This article has been revised to reflect the following correction: An organization called Protecting South Dakota Kids has filed paperwork with the secretary of state’s office as a statewide ballot question committee. 

SIOUX FALLS, S.D. (KELO) — Matthew Schweich is hoping small amounts of marijuana will be legal in South Dakota by July 2023. 

That’s when Initiated Measure 27 would go into effect if more than 50% of registered South Dakota voters vote yes. Schweich, who leads the organization South Dakotans for Better Marijuana Laws, is serving as the campaign manager for the Yes on 27 Campaign.   

“I would describe Measure 27 as cannabis legalization for the individual, Schweich told KELOLAND News. “It does not include licensing regulations, taxation; it’s really about personal freedom and ensuring that small amounts of cannabis do not make you a criminal.” 

Along with Amendment D, IM 27 will be on the ballot for the midterm election set for Tuesday, November 8. Unlike Amendment A, which was passed by voters in 2020 and struck down by the South Dakota Supreme Court after Gov. Kristi Noem challenged the law, IM 27 would have little impact on state revenues. As it is written, IM 27 is only six sections to legalize marijuana in small amounts for those people age 21 or older.  

Schweich said he doesn’t believe South Dakota voters were confused in 2020 and he believes IM 27 will be even more popular than the 54% of the vote Amendment A received in 2020. 

“It’s a very simple, short initiative,” Schweich said. “It was our opponents who constantly said the voters didn’t understand what they were voting on, which I think is insulting to the voters of South Dakota.” 

To start ramping up for Election Day, the Yes on 27 Campaign has launched an online store for people to buy hats and T-shirts with the money going towards the campaign. Yes on 27 Campaign signs have also started to go up in Sioux Falls and Schweich distribution of signs throughout the state is starting.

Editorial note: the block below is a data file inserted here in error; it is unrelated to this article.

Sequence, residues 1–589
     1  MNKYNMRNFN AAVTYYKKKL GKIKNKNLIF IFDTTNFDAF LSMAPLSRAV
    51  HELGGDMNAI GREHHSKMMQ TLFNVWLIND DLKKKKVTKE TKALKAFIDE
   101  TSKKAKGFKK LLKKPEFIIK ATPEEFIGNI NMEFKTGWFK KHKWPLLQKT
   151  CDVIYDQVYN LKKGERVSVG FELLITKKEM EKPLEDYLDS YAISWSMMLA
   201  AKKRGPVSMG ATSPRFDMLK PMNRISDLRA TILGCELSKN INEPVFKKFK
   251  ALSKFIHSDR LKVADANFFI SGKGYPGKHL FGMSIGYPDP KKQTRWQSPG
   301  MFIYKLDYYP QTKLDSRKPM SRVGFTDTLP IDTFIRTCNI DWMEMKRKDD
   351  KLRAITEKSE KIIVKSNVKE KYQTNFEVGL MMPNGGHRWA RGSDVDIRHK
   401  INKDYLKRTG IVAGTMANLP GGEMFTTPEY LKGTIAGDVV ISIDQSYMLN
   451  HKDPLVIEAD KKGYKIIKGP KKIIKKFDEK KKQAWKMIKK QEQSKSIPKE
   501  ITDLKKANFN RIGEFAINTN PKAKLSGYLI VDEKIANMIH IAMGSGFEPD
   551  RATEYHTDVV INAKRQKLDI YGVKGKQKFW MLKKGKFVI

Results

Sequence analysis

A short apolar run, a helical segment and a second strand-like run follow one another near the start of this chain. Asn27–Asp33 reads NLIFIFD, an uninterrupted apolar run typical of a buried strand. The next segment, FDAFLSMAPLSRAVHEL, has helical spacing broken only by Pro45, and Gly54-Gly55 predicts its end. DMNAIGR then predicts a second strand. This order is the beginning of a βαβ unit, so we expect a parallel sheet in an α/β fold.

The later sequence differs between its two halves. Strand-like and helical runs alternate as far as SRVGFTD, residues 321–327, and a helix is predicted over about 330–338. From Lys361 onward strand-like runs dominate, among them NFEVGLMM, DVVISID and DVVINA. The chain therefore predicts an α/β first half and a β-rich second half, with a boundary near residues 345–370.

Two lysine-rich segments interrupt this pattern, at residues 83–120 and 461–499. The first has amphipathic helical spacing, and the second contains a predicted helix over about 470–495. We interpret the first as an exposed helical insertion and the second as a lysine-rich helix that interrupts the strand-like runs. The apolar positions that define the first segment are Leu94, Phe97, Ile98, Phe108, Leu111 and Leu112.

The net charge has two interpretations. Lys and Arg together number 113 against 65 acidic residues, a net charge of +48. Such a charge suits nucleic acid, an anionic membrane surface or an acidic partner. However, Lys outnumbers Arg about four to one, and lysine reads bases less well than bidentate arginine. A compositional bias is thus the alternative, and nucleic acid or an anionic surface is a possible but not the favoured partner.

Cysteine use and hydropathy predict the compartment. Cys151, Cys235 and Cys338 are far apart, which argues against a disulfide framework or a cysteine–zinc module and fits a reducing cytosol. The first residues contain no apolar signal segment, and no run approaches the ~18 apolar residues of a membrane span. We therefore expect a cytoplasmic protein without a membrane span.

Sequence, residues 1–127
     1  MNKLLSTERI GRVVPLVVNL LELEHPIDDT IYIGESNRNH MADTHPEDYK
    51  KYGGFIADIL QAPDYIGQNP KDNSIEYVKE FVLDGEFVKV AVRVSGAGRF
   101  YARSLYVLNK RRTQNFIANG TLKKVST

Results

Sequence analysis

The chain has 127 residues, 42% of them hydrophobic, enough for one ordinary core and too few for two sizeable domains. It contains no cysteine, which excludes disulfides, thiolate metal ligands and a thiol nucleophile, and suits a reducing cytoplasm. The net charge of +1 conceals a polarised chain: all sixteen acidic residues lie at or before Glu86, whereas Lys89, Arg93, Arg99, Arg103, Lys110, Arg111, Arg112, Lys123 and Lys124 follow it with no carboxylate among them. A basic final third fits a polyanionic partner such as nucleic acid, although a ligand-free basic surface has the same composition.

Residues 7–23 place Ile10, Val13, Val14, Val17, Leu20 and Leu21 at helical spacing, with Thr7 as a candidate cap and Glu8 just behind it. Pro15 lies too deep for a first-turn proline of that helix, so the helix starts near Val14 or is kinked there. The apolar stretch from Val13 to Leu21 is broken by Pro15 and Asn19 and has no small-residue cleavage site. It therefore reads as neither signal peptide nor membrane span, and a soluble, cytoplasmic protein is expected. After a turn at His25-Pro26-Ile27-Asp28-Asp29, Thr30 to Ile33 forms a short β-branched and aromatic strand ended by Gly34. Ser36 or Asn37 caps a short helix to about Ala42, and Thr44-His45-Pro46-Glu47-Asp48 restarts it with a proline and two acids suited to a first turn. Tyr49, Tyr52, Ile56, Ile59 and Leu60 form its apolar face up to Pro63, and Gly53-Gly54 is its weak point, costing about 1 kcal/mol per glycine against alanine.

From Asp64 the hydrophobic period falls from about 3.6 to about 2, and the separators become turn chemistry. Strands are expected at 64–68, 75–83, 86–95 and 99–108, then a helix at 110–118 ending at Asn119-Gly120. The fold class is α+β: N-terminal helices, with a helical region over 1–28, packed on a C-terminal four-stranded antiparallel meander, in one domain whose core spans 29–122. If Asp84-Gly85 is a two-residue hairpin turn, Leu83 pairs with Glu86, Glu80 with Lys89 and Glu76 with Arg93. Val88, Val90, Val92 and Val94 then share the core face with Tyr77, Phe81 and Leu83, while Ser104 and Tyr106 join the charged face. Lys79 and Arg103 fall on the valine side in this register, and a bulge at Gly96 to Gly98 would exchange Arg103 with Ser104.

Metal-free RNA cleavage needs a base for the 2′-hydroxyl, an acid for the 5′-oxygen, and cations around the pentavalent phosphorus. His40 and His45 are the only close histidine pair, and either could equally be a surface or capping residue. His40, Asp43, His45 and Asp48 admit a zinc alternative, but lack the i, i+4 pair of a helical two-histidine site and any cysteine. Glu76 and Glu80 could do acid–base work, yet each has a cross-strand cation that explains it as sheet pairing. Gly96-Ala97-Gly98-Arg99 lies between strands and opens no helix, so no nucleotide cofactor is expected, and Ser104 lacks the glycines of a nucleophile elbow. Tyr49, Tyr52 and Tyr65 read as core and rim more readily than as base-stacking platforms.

“We’ve had over 700 requests and we’re a small team, so it’s taken us a little time,” Schweich said. “It shows how strong the support is all across South Dakota for IM 27. This isn’t a taboo issue anymore. People like to be proud of their support for Measure 27.” 

According to the secretary of state’s website, an opposition statewide ballot question committee formed against IM 27 in late July.

On July 27, a group called Protecting South Dakota Kids submitted paperwork with the secretary of state’s office as a statewide ballot question committee. The group lists Jim Kinyon as the committee chair and Fred Deutsch as the committee treasurer. 

Deutsch, a Republican from Florence, is a member of the South Dakota House of Representatives. According to the group’s website, “legal marijuana will destroy our communities.” 

“Protecting South Dakota Kids is a grassroots coalition made up of concerned citizens, healthcare professionals, pastors, educators, treatment providers, law enforcement and other professionals,” the website says.

Schweich said it’s been clear people involved in government have backed away from marijuana and cannabis policies. 

“Quite a few politicians, including Governor Noem, have realized that disrespecting the will of the people is not a great political strategy,” Schweich said. “We want to earn every vote we can and we want to exceed the 54% outcome in 2020.” 

Defending IM 27 after the election

Schweich said many of IM 27’s selling points to voters will be the same as the legal marijuana issues discussed with Amendment A. He said police shouldn’t be focused on small amounts of cannabis.  

“We’re going to be using the same arguments before and then the added argument this time around is let’s restore the will of the people,” Schweich said. 

Schweich said the seven months it took for the South Dakota Supreme Court to issue a ruling on Amendment A hurt IM 27. He said the delays in 2021 interfered in the 2022 election because when the ruling was issued it was too late to use anything from the ruling in a new initiative. 

“We just had to pick the most conservative cautious approach,” Schweich said. 

What will happen to IM 27 if it passes? That question, Schweich said he is asked about often. 

“If you read the ruling from the South Dakota State Supreme Court on the Amendment A case, there’s nothing in that ruling that poses a threat to measure 27,” Schweich said. “I tell people, we need your support. If you’re upset about what happened to Amendment A then get out there and vote make sure your friends and family vote.”